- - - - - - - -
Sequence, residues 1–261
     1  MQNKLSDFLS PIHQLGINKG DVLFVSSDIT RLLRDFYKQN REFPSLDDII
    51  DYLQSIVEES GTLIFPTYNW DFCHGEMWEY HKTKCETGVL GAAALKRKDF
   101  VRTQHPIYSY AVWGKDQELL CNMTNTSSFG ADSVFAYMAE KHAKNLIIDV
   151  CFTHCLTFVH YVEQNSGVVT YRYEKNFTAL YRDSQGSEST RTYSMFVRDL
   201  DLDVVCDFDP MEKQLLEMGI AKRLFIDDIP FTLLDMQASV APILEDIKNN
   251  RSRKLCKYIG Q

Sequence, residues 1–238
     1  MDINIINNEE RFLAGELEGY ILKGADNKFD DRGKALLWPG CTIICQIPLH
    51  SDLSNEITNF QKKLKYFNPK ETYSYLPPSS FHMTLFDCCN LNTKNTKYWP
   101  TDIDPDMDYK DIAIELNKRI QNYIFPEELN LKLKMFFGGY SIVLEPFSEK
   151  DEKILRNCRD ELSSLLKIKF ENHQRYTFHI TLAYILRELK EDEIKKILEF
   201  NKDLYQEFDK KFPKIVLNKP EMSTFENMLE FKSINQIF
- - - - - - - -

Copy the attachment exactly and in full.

Sequence, residues 1–261
     1  MQNKLSDFLS PIHQLGINKG DVLFVSSDIT RLLRDFYKQN REFPSLDDII
    51  DYLQSIVEES GTLIFPTYNW DFCHGEMWEY HKTKCETGVL GAAALKRKDF
   101  VRTQHPIYSY AVWGKDQELL CNMTNTSSFG ADSVFAYMAE KHAKNLIIDV
   151  CFTHCLTFVH YVEQNSGVVT YRYEKNFTAL YRDSQGSEST RTYSMFVRDL
   201  DLDVVCDFDP MEKQLLEMGI AKRLFIDDIP FTLLDMQASV APILEDIKNN
   251  RSRKLCKYIG Q

Sequence, residues 1–238
     1  MDINIINNEE RFLAGELEGY ILKGADNKFD DRGKALLWPG CTIICQIPLH
    51  SDLSNEITNF QKKLKYFNPK ETYSYLPPSS FHMTLFDCCN LNTKNTKYWP
   101  TDIDPDMDYK DIAIELNKRI QNYIFPEELN LKLKMFFGGY SIVLEPFSEK
   151  DEKILRNCRD ELSSLLKIKF ENHQRYTFHI TLAYILRELK EDEIKKILEF
   201  NKDLYQEFDK KFPKIVLNKP EMSTFENMLE FKSINQIF